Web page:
What is Occupational Therapy?

Occupational therapists help people do the things they want to do, improving their sense of satisfaction and contributing to their subsequent well-being. Occupational therapists work with clients who may have experienced trauma, illness, or developmental issues, or who may simply want to improve their health and happiness. In helping clients gain greater self-awareness through everyday activities, occupational therapists facilitate the client's ability to engage in "occupations" which give meaning to the person's life.

Where Do Occupational Therapists Work?

Occupational therapists work with individuals from every age group and community, and they may work in a variety of settings, including business and industrial workplaces, community-based programs (homeless shelters, athletic clubs, group homes), health agencies, hospitals, schools, and rehabilitation centers. More experienced practitioners can advance into management, specialization, teaching or research.

What is the Employment Outlook for Occupational Therapists?

There continues to be a high demand for qualified occupational therapists both in traditional and in emerging areas of practice. Societal and cultural changes have contributed to expanded opportunities for occupational therapy services. The following markets are emerging as opportunities for occupational therapists:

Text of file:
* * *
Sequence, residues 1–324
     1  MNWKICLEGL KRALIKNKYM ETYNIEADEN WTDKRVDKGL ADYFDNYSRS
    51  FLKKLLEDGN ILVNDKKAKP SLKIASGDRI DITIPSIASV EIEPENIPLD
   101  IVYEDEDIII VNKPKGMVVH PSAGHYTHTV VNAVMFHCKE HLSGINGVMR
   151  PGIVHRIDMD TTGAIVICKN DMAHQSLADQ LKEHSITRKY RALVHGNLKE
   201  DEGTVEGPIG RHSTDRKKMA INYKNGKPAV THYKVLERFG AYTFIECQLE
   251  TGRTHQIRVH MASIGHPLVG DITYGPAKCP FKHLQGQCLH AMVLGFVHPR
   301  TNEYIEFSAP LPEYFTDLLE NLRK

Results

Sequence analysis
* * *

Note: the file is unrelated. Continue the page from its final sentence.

• Ergonomics Consulting
  • Driver Rehabilitation and Training
  • Accessibility Consulting and Home Design
  • Low Vision Services
  • Technology and Assistive Device Development and Consulting
  • Health and Wellness Consulting
  • Welfare to Work Programs
  • Mental Health Services for Children and Youth

What Type of People Thrive as Occupational Therapists?

Successful occupational therapists are warm, caring and sociable. Curiosity and creativity are also vital characteristics of an OT, because each client's situation requires a unique, personalized approach. Other important characteristics include:

  • Ability to "see the big picture"
  • Solid critical analysis skills
  • Inquisitiveness and a tendency to ask "why"
  • Strong problem solving abilities
  • Flexibility, as each client's situation is unique
  • Patience and the ability to help others help themselves

If you are innately curious and analytical, you might make a great occupational therapist!